UCI chemist helps create tool that anticipates molecular actions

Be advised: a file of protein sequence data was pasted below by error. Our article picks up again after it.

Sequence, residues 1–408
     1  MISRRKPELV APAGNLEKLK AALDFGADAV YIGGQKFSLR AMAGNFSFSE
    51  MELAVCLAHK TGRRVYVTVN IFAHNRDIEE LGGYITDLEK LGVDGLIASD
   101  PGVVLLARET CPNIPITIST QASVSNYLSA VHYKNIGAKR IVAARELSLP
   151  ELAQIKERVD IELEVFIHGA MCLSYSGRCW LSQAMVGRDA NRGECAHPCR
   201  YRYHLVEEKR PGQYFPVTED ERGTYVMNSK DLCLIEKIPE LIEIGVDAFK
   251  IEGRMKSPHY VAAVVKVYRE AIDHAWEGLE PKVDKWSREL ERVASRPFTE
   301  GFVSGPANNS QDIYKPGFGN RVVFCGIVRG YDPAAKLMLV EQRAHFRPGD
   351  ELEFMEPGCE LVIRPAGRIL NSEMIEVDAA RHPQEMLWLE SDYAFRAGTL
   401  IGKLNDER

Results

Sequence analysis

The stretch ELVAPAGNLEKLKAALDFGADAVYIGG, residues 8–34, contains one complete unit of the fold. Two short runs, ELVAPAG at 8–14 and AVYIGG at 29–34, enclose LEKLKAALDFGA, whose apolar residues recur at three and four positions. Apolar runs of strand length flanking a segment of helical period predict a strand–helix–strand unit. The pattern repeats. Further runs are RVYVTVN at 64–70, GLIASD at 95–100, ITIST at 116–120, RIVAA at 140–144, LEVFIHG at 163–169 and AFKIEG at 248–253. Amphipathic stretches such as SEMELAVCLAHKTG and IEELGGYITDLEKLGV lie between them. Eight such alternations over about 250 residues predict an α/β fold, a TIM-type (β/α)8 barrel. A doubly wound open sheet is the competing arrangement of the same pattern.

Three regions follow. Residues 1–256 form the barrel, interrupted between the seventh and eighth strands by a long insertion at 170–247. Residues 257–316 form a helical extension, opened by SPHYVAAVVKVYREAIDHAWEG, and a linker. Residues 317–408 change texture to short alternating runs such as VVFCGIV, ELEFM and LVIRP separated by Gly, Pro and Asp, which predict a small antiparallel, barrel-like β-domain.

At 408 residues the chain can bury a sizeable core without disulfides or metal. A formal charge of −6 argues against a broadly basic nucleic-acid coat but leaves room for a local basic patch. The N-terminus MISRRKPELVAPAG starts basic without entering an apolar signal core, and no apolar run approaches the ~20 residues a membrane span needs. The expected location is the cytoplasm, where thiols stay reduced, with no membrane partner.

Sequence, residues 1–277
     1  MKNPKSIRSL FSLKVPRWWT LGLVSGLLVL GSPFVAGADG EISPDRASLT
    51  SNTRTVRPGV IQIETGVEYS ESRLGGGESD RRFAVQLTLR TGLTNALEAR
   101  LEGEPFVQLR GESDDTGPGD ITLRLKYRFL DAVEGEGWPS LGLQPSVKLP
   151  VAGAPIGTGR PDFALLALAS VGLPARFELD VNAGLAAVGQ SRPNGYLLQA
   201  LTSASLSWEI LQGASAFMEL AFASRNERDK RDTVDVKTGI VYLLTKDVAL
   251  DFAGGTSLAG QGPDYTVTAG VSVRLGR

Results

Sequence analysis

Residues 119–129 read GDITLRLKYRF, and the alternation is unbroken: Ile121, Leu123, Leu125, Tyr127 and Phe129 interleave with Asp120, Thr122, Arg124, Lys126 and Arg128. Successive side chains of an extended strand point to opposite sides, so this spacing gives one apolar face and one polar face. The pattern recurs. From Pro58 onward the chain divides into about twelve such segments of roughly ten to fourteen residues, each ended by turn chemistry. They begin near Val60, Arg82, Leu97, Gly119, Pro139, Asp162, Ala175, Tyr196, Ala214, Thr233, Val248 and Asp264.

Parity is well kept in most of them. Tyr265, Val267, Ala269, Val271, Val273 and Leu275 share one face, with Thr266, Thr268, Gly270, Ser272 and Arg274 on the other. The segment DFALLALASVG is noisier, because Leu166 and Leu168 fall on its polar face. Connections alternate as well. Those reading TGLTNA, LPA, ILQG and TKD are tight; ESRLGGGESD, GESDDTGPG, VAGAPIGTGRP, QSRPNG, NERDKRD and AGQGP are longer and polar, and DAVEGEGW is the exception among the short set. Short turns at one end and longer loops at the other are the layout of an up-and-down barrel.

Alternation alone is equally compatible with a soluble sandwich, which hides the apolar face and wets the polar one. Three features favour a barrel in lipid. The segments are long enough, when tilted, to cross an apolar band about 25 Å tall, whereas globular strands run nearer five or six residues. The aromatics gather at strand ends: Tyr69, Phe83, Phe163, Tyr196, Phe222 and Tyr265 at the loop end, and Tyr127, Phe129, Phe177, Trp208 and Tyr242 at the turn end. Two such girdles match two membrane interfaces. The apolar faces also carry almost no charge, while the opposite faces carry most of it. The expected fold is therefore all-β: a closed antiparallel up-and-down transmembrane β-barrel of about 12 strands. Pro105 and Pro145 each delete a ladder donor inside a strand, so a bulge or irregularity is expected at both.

An international team of scientists including Kieron Burke, UCI professor of chemistry, has created a machine-learning algorithm that predicts molecular behavior. The breakthrough may aid in the development of pharmaceuticals and materials to enhance the performance of batteries, solar cells and digital displays. In a study published in Nature Communications, the researchers describe how their algorithm gathers knowledge about atomic interactions in a molecule and then uses that information to anticipate new actions. Complex atomic interactions are prescribed by quantum mechanical calculations. The research team, which also included scientists from New York University and the Technical University of Berlin, found a way to simulate chemical behavior within a molecule without having to perform quantum-level number crunching. They did so by compiling a small sample data set of the molecule in order to train the algorithm and then using it to simulate complex chemical behavior within the molecule. “Machine learning is often used for online searching, text analysis, face recognition and even suggesting movies you might like,” Burke said. “Our work applies these methods to physics and chemistry, producing algorithms that no human possibly could and allowing new science to be done, thanks to their efficiency.” The project was partially supported by grants from the U.S. Army Research Office, the National Science Foundation, the government of South Korea and the Einstein Foundation.

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